Include the “extras” you do, like each time you mentor someone officially or unofficially, projects you initiated or were put in charge of, ideas you had that were implemented, committees you joined and what role you played. Include the date of every item.

Be a joiner now and then

If you haven’t done these extras yet, start with just one. Most Introverts are not typically joiners, so being on a committee may not be in your nature. You’ll need to push yourself just a little, then, to join in on something you’re interested in or want to know more about. You’re not heading the committee or task force, you’re only joining.

Resist the temptation to skip the committee’s meetings. If, like many Introverts, you feel a panic attack or headache coming on just about meeting time, splash your face with cold water or go for a brisk walk, giving yourself an impromptu pep talk about how prepared you are to be seen and heard. You’re just as good as the others on the panel and better than some. Have some ideas of what you might talk about and jot down notes about them in case you need to refer to them.

Yes, it’s remarkable how many Extraverts can talk off-the-cuff without notes, but better to speak up with notes than not say anything at all. And if you stutter or stammer or make mistakes, so what. Next time you’ll do better, and each time you’ll become more comfortable. Extraverts make mistakes in speaking, too; they just take it in stride and are less likely to berate themselves about it.

Step up and take the lead

If you’ve already led other groups or projects, be sure to write every instance down with dates. If you have hesitated to lead, you’ll be surprised how much easier it is to do than you may think. Leaders don’t need to be loud and energetic. In fact, sometimes a calmer, quieter leader can put the group at ease.

Susan Cain, author of the book, Quiet: The Power of Introverts in a World that Can’t Stop Talking, explained that Introverts make good leaders because they think first and talk later. They let others speak, and they listen to what others are saying.

You can’t think while you’re talking. So those Extraverts who talk so effortlessly aren’t thinking about those around them, while you are.

One of the upsides to being the leader is that you’re calling the shots. No one is going to pull the Introvert’s nightmare scenario: suddenly putting you on the spot by asking for your opinion. You have opinions, but you want to give them when you’re ready which, as the leader, you can do. You also control the dialogue, stopping — at some point — those who love to speak and letting the quieter group members contribute. You get to steer the conversation where you want it to go.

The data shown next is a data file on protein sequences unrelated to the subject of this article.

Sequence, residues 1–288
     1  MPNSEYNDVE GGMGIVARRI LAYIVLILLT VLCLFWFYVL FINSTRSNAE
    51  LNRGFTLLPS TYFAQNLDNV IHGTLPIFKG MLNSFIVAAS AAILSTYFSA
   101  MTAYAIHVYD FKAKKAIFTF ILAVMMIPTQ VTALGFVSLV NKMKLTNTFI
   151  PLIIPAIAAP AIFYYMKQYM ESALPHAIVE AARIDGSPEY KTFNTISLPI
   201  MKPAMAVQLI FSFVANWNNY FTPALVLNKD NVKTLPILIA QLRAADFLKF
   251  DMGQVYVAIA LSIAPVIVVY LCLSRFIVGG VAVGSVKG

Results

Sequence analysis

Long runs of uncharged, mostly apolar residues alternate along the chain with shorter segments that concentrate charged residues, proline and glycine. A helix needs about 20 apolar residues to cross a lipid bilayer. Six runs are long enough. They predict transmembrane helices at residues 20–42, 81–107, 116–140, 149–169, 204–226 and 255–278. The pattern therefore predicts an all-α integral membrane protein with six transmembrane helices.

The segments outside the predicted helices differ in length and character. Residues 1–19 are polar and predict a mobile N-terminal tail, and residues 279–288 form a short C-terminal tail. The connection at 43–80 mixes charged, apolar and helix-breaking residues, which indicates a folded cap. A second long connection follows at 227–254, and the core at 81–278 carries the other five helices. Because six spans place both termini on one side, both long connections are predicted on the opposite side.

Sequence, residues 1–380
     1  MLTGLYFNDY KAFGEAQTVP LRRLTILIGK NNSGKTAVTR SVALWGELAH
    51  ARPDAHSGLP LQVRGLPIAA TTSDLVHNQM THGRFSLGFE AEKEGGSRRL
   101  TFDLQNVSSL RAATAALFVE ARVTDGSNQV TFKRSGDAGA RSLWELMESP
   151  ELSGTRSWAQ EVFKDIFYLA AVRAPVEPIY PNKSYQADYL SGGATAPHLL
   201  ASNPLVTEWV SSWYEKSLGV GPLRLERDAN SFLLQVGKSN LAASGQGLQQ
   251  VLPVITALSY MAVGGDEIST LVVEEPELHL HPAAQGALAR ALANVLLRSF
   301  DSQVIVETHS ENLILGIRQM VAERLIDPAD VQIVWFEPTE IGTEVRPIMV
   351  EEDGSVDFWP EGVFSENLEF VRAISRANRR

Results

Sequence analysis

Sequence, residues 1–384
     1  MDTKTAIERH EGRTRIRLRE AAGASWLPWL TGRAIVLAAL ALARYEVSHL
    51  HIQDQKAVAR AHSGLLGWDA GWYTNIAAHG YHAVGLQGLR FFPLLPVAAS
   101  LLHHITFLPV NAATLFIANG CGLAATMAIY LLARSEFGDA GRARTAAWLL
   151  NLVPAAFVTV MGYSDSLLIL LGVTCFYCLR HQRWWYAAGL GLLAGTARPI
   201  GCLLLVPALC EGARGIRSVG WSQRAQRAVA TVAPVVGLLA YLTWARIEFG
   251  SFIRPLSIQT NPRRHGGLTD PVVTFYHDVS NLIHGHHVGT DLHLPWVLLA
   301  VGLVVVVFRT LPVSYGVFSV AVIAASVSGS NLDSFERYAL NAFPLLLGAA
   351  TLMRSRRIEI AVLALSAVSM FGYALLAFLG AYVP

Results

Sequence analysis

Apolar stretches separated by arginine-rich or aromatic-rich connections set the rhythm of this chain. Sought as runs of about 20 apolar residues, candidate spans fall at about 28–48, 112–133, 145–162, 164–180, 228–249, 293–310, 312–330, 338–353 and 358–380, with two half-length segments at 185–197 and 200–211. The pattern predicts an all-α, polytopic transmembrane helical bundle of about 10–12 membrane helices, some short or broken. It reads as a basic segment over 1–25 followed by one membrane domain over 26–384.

Then you get to record your leadership example, and how well it went, on your running list of accomplishments.

Learn new skills continuously

By continuing to learn how to do more in your job, you show that you are someone who wants to get better and to contribute more. But be intentional in what you choose to learn. What will help you be more productive in your job? What skills would enable you to ask for, and get, a promotion and raise?

Ask for what you want

You’ve laid the groundwork by taking initiative, joining where you can make a difference, and demonstrating your leadership abilities. You’ve continued to learn and grow. And you’ve kept a record of all you’ve accomplished.

Think anyone will notice? Not likely, until you point it out. Find out what Extraverts who do the same job are earning and ask for more than that in case your boss wants to negotiate. Plan what you’re going to say, take your list of accomplishments with you, and march into your boss’ office to make your pitch.

No one is asking you to become someone you are not. But, if you want to earn what you currently are not, you’ll have to step out of your comfort zone and be your own advocate. And guess what? Another study showed that Introverts were happier when they acted like Extraverts, even just for a little while.

You deserve your rightful piece of the income pie. You’ve earned it. So speak up and repeat it often until you get it.

Barbara Bean-Mellinger
Barbara Bean-Mellinger writes on business topics such as jobs and careers, marketing and advertising, public relations, entrepreneurship, education and more. Her articles have been published in newspapers, magazines, and on websites. She lives in the metro Washington, D.C. area and has recently taken up travel writing to highlight lesser-known sites in and around the capital.